According to the Pentagon, five U.S. troops were killed in combat in Iraq last month. A year ago, there were 66 American combat deaths.
Officials say the reduction in casualties reflects the improved security situation in the country, and the greater combat role being taken by Iraqi forces. Pentagon Press Secretary Geoff Morrell calls it "stunning," but says casualty numbers are not the only measure for success or failure in Iraq.
"As heartening as that is, it is not the metric by which we measure success, but it is certainly an encouraging sign," he said.
The caution demonstrated by Morrell and other officials is based in part on the uneven pattern in U.S. casualty figures for Iraq in recent months. After three months in the middle of last year with more than 100 U.S. casualties, the numbers began to fall, reaching 23 in January. But U.S. casualties spiked several times after that, including an increase in June.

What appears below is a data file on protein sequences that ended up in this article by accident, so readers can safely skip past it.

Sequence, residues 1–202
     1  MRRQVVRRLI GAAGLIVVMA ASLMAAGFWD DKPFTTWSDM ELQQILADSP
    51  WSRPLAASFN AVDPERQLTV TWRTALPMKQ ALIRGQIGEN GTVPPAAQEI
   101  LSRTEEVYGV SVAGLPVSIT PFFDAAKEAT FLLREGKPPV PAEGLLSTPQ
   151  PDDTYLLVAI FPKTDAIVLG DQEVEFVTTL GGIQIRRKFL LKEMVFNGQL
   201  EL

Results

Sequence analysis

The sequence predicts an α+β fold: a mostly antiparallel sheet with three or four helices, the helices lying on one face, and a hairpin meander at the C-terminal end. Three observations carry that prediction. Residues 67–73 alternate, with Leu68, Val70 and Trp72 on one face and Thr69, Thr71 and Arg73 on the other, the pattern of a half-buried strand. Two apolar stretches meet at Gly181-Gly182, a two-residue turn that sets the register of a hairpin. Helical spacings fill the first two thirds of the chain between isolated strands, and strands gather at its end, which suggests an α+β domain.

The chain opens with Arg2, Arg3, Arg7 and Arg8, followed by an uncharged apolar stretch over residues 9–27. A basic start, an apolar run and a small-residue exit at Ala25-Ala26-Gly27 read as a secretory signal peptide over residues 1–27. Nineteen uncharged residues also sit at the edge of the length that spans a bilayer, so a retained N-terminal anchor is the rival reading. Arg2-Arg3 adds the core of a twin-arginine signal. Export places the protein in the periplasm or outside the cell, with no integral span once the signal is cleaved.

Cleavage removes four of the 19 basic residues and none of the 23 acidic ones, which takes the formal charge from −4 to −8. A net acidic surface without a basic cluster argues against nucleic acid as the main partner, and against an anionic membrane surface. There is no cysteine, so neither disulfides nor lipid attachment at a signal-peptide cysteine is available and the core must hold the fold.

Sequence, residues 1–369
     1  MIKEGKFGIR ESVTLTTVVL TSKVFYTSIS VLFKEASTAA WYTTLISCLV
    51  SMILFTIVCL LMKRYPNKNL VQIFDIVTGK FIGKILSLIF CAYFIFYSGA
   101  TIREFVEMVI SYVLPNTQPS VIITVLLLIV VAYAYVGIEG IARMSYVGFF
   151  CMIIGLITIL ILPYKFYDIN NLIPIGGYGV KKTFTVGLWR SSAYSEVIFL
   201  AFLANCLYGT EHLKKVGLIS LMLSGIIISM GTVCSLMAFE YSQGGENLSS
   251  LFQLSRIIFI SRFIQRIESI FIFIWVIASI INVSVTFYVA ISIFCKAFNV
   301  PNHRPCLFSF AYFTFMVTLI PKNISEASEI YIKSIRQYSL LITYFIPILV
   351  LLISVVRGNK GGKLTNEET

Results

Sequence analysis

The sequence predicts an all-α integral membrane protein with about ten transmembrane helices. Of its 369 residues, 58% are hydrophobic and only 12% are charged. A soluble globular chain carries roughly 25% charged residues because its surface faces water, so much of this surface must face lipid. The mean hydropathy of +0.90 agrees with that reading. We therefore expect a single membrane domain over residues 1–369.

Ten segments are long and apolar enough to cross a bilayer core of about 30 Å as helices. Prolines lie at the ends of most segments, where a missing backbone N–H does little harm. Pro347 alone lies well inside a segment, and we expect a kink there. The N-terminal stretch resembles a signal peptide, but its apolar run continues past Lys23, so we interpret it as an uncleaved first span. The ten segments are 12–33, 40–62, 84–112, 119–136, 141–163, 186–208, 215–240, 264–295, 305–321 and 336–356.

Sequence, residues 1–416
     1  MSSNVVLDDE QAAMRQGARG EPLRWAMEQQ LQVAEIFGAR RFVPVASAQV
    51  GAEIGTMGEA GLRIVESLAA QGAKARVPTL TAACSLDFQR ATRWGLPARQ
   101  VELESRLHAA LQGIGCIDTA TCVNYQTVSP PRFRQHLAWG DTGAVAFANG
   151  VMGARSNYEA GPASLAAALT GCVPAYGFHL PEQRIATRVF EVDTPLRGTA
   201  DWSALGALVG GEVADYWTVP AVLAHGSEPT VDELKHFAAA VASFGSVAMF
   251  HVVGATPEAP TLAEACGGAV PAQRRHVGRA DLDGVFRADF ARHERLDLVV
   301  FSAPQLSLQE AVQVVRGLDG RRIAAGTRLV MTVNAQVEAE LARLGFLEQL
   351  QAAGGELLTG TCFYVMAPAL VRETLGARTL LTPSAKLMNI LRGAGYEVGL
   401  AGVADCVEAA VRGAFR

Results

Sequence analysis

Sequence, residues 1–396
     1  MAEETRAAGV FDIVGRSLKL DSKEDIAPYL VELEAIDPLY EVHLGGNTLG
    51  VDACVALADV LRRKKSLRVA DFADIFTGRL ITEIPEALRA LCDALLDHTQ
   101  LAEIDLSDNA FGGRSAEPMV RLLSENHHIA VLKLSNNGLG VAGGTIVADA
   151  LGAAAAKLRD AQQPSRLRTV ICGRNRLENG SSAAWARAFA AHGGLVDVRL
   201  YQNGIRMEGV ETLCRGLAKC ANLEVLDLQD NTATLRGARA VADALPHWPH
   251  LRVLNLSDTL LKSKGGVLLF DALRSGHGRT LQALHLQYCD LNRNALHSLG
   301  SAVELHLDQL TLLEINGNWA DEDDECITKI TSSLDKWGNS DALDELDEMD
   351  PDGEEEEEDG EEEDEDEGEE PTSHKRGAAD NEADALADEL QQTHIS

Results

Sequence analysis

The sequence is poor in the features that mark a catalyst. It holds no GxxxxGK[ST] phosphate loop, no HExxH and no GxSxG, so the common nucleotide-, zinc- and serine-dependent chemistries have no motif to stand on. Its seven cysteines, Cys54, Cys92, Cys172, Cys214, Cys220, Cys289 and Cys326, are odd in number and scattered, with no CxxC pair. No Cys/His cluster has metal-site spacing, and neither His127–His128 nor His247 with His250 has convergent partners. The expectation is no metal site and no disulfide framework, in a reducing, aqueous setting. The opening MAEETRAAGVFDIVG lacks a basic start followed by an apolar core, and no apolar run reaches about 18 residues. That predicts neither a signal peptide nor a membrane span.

Still, the overall trend of the past 14 months has been downward, along with the number of insurgent attacks. U.S. officials are careful to say the security gains in Iraq are 'not irreversible,' but President Bush said Thursday they have a "degree of durability."
Defense Secretary Robert Gates says that could lead to further U.S. troop withdrawals. "The situation has improved dramatically. And I, personally, believe that there is a real possibility of some additional drawdowns as we look forward," he said.
Gates says he is awaiting recommendations from top military commanders in Iraq and at the Pentagon, which are expected by early September.
He says those recommendations about Iraq will also affect the U.S. ability to send more troops to Afghanistan, where violence has been rising, and 16 U.S. troops were killed in combat last month. That number is higher than the Iraq combat death toll for the first time since the Iraq war began five years ago.